Itochu was stuck at the number 4 position among Japan’s trading companies for many years, until the “genius” Masahiro Okafuji became President in 2010. Thanks to his management style, Itochu even managed to push Mitsubishi Corporation out of the top spot, and recorded its highest ever operating profit in 2017.
According to Diamond magazine, these achievements have their roots in theaggressive “vulture fund” techniques that Okafuji introduced. These are quite different from the usual trading company matching of demand and supply middleman role. First of all, having taken control through acquisition of shares, the business model and organisation are thoroughly analysed, then the profitable areas are developed so that the share price improves, so that their shares can then be sold off at a profit. If there are any weaker businesses, even if there is a long history and the founder has nurtured them, they are cut away. Itochu did this with various Japanese fashion and food acquisitions.
Of course trading companies can make profit in other ways from their acquisitions, by becoming involved in their supply chains and logistics. Itochu also often sees brands as commodities, to be merged, sold off or cut back as necessary. This does of course mean that employees attached to those brands are also no longer needed.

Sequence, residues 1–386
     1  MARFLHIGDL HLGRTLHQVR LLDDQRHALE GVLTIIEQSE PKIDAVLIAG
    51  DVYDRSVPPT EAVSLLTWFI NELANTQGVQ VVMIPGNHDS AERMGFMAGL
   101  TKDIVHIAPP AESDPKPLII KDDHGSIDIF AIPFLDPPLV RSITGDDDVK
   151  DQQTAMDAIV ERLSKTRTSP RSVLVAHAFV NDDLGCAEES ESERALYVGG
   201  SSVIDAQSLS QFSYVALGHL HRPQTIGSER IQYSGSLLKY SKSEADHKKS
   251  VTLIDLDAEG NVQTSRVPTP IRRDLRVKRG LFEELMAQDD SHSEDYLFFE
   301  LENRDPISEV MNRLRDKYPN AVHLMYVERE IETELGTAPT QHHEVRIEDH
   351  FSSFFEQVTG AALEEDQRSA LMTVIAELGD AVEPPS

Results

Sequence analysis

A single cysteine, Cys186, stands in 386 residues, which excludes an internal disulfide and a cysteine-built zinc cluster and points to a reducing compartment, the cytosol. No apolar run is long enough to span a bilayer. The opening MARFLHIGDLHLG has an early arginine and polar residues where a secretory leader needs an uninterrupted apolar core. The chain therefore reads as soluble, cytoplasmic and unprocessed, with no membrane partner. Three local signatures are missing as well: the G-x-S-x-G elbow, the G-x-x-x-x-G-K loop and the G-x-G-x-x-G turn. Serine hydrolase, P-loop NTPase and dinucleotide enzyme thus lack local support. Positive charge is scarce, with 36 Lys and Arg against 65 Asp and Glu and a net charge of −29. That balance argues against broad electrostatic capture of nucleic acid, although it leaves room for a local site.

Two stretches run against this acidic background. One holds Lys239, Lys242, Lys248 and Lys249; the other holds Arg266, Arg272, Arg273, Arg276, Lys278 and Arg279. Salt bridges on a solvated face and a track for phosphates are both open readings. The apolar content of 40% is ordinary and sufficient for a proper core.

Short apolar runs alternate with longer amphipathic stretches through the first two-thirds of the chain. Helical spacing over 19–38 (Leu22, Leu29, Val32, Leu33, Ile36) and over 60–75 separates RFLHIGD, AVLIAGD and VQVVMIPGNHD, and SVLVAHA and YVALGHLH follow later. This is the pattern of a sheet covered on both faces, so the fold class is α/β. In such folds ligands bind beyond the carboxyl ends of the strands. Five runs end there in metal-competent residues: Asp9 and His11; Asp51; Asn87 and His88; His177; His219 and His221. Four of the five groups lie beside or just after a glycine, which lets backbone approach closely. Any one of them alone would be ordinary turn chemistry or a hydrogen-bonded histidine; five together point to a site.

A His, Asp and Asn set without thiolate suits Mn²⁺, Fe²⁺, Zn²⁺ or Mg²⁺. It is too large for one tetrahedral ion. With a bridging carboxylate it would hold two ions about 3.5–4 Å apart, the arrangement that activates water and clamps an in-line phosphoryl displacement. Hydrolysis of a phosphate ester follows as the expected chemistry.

Okafuji says with regard to human resource development “we are in commerce. So it is a question of knowing what makes money and what doesn’t”. Diamond constrasts this with other trading companies such as Mitsubishi Corporation “on the noble path” and Mitsui “focusing on commodities”.
Itochu is in our top 5 Japanese companies in the UK, by number of employees – largely because it acquired garage chain Kwik-Fit in 2011, which has just under 5000 employees. It has other associated businesses too – as I walked past my local Kwik-Fit garage recently I saw an Isuzu truck (Itochu has a large stake in Isuzu) with Stapleton’s Tyres branding (also owned by Itochu) making a delivery. It also owns First Response Finance – who provide instalment credit to sub prime customers wanting to buy used cars – and a car dealership chain in Germany. There are no signs as yet of any selling off of these investments.
For more content like this, subscribe to the free Rudlin Consulting Newsletter.Read More